Nov 3 – 7, 2008
Ettore Majorana Foundation and Centre for Scientific Culture
Europe/Zurich timezone

Using constraint programing to resolve the multi-source / multi-site data movement paradigm on the Grid

Nov 4, 2008, 4:35 PM
Ettore Majorana Foundation and Centre for Scientific Culture

Ettore Majorana Foundation and Centre for Scientific Culture

Via Guarnotta, 26 - 91016 ERICE (Sicily) - Italy Tel: +39-0923-869133 Fax: +39-0923-869226 E-mail:
Parallel Talk 1. Computing Technology Computing Technology for Physics Research - Session 2


Mr Michal ZEROLA (Nuclear Physics Inst., Academy of Sciences, Praha)


In order to achieve both fast and coordinated data transfer to collaborative sites as well as to create a distribution of data over multiple sites, efficient data movement is one of the most essential aspects in distributed environment. With such capabilities at hand, truly distributed task scheduling with minimal latencies would be reachable by internationally distributed collaborations (such as ones in HENP) seeking for scavenging or maximizing on geographically spread computational resources. But it is often not all clear (a) how to move data when available from multiple sources or (b) how to move data to multiple compute resources to achieve an optimal usage of available resources. Constraint programming (CP) is a technique from artificial intelligence and operations research allowing to find solutions in a multi-dimensional space of variables. We present a method of creating a CP model consisting of sites, links and their attributes such as bandwidth for grid network data transfer also considering user tasks as part of the objective function for an optimal solution. We will explore and explain trade-off between schedule generation time and divergence from the optimal solution and show how to improve and render viable the solution's finding time by using search tree time limit, approximations, restrictions such as symmetry breaking or grouping similar tasks together, or generating sequence of optimal schedules by splitting the input problem. Results of data transfer simulation for each case will also include a well known Peer-2-Peer model, and time taken to generate a schedule as well as time needed for a schedule execution will be compared to a CP optimal solution. We will additionally present a possible implementation aimed to bring a distributed datasets (multiple sources) to a given site in a minimal time.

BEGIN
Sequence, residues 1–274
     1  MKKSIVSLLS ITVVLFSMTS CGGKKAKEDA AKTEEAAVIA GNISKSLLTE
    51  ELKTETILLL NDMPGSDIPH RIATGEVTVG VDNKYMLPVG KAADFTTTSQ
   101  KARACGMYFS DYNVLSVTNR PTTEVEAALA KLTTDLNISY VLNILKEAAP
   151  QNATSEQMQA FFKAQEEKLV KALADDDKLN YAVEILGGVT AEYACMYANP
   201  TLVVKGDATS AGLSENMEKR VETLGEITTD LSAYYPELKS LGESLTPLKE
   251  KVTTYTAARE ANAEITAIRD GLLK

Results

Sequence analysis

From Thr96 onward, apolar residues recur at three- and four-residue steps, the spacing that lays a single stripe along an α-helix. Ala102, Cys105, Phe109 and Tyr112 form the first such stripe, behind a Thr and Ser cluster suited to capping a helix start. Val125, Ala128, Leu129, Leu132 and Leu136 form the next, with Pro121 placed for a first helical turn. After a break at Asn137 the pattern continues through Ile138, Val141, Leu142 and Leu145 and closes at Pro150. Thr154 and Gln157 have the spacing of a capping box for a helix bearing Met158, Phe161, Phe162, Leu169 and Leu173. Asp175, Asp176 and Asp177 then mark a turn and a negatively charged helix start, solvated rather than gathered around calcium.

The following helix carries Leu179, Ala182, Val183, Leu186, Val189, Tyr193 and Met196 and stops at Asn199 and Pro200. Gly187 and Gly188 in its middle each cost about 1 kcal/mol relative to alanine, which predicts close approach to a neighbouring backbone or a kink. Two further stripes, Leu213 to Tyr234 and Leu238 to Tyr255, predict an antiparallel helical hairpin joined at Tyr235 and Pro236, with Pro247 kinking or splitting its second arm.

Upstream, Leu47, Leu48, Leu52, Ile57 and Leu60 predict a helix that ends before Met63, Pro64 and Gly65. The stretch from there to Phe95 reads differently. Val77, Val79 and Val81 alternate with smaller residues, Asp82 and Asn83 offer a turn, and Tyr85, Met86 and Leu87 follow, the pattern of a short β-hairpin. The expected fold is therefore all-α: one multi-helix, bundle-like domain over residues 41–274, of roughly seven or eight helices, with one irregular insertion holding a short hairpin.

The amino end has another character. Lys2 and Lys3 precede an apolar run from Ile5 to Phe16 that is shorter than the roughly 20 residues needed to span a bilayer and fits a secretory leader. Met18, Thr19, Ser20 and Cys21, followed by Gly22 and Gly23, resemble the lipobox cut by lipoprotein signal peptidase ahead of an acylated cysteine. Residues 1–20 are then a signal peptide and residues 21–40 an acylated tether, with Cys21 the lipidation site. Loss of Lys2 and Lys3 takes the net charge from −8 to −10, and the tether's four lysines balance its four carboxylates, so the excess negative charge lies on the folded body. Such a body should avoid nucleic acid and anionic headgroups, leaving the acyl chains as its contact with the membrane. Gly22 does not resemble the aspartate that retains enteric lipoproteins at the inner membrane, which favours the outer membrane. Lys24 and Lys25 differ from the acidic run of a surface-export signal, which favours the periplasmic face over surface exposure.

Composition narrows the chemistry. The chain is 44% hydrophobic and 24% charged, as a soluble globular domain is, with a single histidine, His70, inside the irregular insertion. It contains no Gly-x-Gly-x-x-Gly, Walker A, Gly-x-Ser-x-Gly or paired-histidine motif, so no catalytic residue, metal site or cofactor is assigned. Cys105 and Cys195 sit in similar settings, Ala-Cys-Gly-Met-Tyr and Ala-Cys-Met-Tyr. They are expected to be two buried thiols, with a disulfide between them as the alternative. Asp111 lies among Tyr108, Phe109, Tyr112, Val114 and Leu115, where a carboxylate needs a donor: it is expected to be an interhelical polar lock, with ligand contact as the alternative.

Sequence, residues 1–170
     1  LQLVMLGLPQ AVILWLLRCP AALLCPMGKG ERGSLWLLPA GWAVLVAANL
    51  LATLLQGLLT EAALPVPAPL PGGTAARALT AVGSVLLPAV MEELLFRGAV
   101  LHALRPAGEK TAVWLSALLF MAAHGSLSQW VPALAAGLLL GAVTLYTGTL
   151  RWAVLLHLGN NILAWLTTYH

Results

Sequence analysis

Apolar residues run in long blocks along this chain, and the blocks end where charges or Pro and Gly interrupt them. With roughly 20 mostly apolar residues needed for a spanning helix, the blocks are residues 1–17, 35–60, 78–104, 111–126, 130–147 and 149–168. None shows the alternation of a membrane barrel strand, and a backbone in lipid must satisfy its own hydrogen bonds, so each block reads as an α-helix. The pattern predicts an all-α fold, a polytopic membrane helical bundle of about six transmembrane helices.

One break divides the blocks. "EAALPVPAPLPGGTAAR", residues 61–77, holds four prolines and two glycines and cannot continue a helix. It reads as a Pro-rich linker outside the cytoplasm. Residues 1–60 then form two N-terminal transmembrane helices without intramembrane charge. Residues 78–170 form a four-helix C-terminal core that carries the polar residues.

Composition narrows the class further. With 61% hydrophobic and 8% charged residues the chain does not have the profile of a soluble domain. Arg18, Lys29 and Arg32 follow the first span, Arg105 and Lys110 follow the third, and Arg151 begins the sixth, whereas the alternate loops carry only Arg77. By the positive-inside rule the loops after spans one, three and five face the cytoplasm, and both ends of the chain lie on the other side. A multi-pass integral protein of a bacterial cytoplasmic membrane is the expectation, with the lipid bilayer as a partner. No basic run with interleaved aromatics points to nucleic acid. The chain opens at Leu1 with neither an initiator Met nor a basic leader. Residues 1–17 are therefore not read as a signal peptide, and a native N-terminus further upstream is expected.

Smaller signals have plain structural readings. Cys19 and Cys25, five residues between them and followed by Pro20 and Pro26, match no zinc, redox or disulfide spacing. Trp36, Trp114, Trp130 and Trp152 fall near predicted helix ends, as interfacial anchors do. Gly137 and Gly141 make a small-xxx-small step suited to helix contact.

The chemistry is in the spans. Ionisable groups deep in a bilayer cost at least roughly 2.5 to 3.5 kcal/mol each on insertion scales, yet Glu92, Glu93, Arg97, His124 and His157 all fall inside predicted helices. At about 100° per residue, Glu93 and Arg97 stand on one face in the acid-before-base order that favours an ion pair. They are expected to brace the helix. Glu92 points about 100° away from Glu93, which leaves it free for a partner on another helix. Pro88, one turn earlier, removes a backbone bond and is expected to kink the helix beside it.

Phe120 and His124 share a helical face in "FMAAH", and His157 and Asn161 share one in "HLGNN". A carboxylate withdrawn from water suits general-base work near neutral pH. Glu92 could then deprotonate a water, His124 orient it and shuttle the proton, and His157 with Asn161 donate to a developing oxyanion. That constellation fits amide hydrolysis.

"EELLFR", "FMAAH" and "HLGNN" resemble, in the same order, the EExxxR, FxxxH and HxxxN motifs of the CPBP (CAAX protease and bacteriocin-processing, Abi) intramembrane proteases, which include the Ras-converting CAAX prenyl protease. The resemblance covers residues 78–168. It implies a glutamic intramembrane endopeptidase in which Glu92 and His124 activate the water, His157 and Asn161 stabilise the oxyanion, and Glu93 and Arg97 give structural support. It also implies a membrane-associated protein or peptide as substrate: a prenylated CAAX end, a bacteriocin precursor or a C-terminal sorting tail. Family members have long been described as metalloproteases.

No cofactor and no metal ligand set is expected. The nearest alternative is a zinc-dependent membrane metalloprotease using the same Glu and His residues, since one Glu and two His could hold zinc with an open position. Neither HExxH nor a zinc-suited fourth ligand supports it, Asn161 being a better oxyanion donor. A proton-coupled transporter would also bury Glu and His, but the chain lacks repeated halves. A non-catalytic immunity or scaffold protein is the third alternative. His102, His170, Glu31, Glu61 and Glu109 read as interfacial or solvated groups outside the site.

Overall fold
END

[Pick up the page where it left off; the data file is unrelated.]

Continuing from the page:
Primary authors

Dr Jerome LAURET (BROOKHAVEN NATIONAL LABORATORY) Mr Michal ZEROLA (Nuclear Physics Inst., Academy of Sciences, Praha)


Dr Michal SUMBERA (Nuclear Physics Inst., Academy of Sciences, Praha) Dr Roman BARTAK (Faculty of Mathematics and Physics, Charles University, Praha)

Presentation materials